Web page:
Teacher tenure is still needed

Teacher tenure is depicted by critics as the villain in attempts to improve education.  Yes, there have been abuses, but there’s another side of the story that deserves telling (“Dear Mr. Chancellor, please stop the grade-fixing in NYC schools,” New York Post, Apr. 14).  It has to do with wholesale grade-fixing fraud orchestrated by the principal at John Dewey High School in the New York City system.

When Kathleen Elvin became principal in 2012, she launched “Project Graduation” in an attempt to boost the graduation rate.  Aside from shortchanging students through credit recovery courses, she retaliated against unwilling teachers by giving them the lowest rating of “ineffective.” Two teachers blew the whistle, which eventually led to an audit by the state Education Department confirming the fraud.  But the Board of Regents has never held any guilty party accountable.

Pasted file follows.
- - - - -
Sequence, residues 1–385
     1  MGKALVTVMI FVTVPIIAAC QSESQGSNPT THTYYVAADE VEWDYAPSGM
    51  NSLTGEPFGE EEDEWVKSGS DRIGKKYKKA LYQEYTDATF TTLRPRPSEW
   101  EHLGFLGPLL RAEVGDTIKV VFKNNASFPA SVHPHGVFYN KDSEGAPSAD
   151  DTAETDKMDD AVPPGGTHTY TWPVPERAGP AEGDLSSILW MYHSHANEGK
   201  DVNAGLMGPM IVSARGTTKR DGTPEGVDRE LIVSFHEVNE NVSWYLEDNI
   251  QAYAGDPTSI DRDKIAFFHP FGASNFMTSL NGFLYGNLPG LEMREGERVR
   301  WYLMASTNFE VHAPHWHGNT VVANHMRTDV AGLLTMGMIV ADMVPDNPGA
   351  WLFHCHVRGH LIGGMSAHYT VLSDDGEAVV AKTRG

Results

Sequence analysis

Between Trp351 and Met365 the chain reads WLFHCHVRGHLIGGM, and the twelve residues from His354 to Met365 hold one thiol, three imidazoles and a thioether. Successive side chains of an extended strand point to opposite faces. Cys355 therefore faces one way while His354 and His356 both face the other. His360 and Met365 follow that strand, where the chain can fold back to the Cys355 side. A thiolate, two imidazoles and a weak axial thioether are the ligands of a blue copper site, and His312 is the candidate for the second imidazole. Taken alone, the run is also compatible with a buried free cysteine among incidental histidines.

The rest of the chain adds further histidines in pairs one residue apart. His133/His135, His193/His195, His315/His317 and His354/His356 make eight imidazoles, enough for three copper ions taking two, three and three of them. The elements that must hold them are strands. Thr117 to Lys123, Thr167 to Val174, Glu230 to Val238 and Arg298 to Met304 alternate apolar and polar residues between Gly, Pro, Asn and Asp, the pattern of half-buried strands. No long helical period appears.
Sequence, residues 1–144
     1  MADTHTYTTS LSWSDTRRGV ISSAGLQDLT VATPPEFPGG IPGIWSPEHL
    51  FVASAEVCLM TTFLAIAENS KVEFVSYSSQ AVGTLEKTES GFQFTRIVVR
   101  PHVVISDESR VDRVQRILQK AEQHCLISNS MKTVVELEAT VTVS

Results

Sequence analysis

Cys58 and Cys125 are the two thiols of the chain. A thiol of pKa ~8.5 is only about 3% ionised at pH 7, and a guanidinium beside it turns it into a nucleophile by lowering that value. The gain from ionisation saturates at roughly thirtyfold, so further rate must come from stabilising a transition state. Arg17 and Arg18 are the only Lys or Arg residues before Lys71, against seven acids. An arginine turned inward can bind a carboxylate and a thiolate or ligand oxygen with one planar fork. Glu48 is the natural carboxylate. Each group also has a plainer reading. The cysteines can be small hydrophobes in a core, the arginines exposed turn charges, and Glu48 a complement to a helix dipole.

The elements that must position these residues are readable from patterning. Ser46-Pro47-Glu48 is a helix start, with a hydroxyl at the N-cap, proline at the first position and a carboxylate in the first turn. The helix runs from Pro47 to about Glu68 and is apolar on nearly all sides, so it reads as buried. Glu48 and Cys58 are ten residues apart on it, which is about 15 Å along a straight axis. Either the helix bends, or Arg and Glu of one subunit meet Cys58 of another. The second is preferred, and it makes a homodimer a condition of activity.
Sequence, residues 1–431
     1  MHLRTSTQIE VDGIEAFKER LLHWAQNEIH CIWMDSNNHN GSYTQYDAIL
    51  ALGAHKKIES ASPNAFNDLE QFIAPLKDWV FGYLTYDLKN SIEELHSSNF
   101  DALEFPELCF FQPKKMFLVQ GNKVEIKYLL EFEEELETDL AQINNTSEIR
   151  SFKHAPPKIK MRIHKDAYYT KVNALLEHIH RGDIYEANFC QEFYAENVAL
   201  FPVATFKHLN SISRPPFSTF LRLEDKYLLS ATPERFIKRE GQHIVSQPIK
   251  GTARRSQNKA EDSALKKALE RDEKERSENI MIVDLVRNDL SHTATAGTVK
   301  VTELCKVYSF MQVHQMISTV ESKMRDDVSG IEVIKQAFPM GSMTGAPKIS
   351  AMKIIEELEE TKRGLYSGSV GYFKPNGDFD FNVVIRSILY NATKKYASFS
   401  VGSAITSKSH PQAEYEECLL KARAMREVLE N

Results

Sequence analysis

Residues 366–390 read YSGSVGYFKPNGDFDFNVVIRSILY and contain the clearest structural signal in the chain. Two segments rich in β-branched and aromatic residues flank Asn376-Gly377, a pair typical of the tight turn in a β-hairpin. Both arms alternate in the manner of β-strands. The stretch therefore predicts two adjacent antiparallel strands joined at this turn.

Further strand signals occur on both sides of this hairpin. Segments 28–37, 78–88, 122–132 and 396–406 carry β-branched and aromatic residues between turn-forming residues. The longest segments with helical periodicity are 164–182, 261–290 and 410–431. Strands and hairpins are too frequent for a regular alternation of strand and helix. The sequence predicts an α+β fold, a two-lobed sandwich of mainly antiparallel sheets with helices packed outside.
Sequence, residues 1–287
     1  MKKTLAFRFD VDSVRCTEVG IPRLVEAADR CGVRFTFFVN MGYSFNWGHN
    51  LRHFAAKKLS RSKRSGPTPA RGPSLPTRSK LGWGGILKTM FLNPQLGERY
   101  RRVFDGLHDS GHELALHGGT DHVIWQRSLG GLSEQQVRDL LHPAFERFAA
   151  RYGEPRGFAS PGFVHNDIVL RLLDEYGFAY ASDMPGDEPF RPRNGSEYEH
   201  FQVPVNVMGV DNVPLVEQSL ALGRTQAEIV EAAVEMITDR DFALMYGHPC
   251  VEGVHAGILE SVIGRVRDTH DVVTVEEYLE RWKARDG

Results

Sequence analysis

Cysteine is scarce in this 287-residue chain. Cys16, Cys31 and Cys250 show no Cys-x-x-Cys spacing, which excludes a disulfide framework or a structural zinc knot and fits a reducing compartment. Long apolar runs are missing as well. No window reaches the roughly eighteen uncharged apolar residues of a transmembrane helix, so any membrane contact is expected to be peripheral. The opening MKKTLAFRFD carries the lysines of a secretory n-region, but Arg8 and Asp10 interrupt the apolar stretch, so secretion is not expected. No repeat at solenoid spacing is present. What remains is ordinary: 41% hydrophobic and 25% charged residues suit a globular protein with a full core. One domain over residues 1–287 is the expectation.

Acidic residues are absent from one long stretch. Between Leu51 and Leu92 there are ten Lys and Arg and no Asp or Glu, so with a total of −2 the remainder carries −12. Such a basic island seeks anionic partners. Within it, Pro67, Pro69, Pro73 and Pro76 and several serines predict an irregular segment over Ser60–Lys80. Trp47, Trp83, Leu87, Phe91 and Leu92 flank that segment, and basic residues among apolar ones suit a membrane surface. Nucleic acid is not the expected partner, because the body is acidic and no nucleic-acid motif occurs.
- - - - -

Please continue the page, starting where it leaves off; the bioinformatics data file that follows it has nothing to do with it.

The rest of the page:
Here’s my point: If the teachers who exposed this scandal did not possess tenure, they would have been fired under some trumped-up charge. Even with the existence of tenure, teachers are still harassed by abusive principals.  But at least they still have their jobs.  Exemplary reputations do not protect teachers from such abuse.  What puzzles me in this case is that the two whistleblowers say the United Federation of Teachers failed to support their cause.  Bully principals are nothing new.  I’ve written before about the situation several years ago at Brooklyn Tech, an elite high school in the New York City system.

If tenure were abolished, how many teachers would be willing to expose similar scandals?  Tenure merely guarantees that teachers receive due-process protection.  It’s important to keep that in mind as pressure mounts to eliminate it or gut it.  As Sir William Blackstone wrote in 1765: “Better that ten guilty persons escape than that one innocent suffer.”

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